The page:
Chelikowsky and Ganesan Win Grand Challenge Awards
Chemical engineering Professors Jim Chelikowsky and Venkat Ganesan have each received a Moncrief Grand Challenge Award to support their research addressing some of society’s biggest challenges in computational engineering and science.
The awards, funded by the private donations of oilman and philanthropist W. A. “Tex” Moncrief of Fort Worth and an anonymous donor, fund research recognized to boost the United States’ competitiveness and international standing.
Recipients receive resources to cover release time from teaching for one or more semesters to focus on their research at the university’s Institute for Computational and Engineering Sciences (ICES). Stipends of up to $75,000 per award per semester are also provided to cover salary and other expenses.
Jim Chelikowsky, an ICES core faculty member and professor of chemical engineering, chemistry, and physics, will use his award toward developing software that simulates images using atomic force microscopy (AFM). AFM views materials at the nano-scale, allowing users to “see” individual bonds between atoms. Possible applications for this work include designing and discovering materials for photovoltaics and electronic devices.
Venkat Ganesan, the Kenneth A. Kobe Professorship in Chemical Engineering, will use his award toward developing multiscale computational algorithms which can be used to predict the structure and properties of polymer electrolyte membranes used in batteries, fuel cells and water purification applications.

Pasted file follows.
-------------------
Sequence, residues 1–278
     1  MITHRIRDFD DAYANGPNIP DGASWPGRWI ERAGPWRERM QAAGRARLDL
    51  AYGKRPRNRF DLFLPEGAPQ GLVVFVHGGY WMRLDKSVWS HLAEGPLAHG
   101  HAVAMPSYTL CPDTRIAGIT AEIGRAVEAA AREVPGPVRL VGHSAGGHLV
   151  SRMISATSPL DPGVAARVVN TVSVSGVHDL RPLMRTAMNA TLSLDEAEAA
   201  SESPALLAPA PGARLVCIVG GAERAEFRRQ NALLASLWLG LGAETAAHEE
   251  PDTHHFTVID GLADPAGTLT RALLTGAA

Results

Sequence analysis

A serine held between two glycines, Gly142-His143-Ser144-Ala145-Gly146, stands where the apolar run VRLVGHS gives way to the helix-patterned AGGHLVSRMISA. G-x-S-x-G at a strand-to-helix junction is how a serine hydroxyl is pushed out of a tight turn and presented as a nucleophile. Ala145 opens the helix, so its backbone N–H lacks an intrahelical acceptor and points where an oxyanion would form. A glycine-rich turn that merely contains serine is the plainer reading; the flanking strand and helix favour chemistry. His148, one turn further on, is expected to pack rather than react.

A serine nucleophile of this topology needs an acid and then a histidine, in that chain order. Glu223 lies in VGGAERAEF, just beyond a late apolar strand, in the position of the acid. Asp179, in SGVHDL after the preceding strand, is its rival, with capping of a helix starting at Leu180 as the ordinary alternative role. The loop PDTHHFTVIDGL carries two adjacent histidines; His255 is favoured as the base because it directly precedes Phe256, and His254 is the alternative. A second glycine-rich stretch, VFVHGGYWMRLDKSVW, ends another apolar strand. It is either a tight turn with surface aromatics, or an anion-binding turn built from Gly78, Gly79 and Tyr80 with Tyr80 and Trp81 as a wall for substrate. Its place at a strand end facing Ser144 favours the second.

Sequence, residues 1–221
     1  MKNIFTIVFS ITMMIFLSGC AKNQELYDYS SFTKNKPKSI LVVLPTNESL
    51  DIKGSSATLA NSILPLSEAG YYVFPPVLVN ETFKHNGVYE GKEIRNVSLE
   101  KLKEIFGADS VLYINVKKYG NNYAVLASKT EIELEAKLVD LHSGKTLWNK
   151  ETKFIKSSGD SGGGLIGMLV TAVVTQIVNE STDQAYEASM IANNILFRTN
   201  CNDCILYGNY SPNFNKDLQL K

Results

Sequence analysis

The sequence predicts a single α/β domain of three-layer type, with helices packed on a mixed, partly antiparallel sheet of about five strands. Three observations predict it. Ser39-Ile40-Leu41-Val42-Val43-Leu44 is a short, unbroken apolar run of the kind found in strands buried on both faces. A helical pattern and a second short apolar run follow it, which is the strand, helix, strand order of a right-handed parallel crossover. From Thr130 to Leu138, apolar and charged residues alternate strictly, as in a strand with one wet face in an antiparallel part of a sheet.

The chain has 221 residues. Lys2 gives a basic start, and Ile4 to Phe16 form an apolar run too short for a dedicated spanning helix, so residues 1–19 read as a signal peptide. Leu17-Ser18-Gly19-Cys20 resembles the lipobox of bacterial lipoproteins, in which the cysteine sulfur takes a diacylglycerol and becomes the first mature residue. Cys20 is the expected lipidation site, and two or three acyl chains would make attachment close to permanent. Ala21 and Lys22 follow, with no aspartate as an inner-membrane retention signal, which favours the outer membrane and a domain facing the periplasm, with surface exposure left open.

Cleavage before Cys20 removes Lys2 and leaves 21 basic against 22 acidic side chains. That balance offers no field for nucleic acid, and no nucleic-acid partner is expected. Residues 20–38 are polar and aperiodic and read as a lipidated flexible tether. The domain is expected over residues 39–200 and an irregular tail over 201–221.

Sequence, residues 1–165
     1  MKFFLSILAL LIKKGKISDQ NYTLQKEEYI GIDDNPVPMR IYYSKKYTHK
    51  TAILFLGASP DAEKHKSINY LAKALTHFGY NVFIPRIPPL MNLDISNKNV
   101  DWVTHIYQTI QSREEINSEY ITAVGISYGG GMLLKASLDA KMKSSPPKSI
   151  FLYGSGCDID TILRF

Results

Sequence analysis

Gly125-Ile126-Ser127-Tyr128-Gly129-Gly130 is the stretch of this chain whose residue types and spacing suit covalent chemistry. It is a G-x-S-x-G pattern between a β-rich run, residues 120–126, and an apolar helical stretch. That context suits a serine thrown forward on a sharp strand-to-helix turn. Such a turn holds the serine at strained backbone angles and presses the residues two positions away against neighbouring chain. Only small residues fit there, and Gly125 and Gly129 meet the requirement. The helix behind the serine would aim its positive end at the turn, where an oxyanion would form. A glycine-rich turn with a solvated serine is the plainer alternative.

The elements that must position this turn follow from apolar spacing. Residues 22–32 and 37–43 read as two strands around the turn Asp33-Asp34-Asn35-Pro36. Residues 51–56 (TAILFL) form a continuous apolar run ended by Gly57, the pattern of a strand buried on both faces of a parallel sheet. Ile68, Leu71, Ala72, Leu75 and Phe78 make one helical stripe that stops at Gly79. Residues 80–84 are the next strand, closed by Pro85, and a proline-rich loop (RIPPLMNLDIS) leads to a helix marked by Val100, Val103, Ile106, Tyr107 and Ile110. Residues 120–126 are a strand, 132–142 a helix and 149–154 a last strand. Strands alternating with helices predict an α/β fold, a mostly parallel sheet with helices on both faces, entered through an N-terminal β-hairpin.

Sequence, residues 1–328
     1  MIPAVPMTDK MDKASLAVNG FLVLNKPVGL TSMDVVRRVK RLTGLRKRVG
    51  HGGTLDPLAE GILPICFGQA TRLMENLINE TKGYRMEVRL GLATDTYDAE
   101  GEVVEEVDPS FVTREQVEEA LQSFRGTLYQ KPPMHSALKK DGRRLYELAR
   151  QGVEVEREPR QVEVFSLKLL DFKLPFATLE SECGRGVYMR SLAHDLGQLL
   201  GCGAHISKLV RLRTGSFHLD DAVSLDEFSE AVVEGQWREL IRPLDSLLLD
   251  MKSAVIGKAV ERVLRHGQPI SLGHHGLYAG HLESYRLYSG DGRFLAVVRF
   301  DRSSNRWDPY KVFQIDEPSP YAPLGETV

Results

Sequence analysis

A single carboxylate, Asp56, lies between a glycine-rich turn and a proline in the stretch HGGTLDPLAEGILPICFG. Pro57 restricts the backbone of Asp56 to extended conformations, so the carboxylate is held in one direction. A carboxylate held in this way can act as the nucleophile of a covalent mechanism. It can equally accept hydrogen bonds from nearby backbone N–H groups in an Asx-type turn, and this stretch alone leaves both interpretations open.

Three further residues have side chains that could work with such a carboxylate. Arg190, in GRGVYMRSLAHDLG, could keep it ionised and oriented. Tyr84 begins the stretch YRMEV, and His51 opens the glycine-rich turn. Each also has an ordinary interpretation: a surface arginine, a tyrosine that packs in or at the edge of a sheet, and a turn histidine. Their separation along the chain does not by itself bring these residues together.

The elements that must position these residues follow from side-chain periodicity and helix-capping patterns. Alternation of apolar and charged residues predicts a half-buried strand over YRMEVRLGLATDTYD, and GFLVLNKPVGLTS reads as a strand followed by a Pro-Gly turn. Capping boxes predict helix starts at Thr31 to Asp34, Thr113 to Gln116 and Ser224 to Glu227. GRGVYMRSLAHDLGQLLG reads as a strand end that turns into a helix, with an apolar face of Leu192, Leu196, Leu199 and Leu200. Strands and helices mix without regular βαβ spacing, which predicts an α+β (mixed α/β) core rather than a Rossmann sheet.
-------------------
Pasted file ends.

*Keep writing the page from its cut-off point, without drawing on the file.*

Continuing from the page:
Chelikowsky and Ganesan join three other UT Austin faculty members receiving grand challenge awards this year. Other recipients include:
Leszek Demkowicz, ICES core faculty member and professor of aerospace engineering and engineering mechanics, will use his award to further develop his Discontinuous Petrov-Galerkin Method and extend it to nonlinear problems with focus on compressible and incompressible fluid dynamics.
Chad Landis, associate professor of aerospace engineering and engineering mechanics, will use the award toward his work to improve predictions of crack morphologies in hydraulic fracturing of natural gas reservoirs.
Ali Yilmaz, associate professor of electrical and computer engineering, will use the award to develop computational methods that will improve the design of high-field MRI systems for high-resolution mapping of the human brain.
Grand challenges are problems that must be addressed to achieve a sustainable, economically robust and politically stable future. These involve using computational methods to study such topics as cardiovascular engineering, water sustainability and weather. Other vitally important areas include carbon sequestration, drug design and delivery, advanced materials, rising seas modeling, national security, nano-science and engineering, and computational medicine and biomedicine.
The Moncrief Grand Challenge Awards Program has provided more than $1 million in funding for university faculty to pursue research in computational science and engineering.
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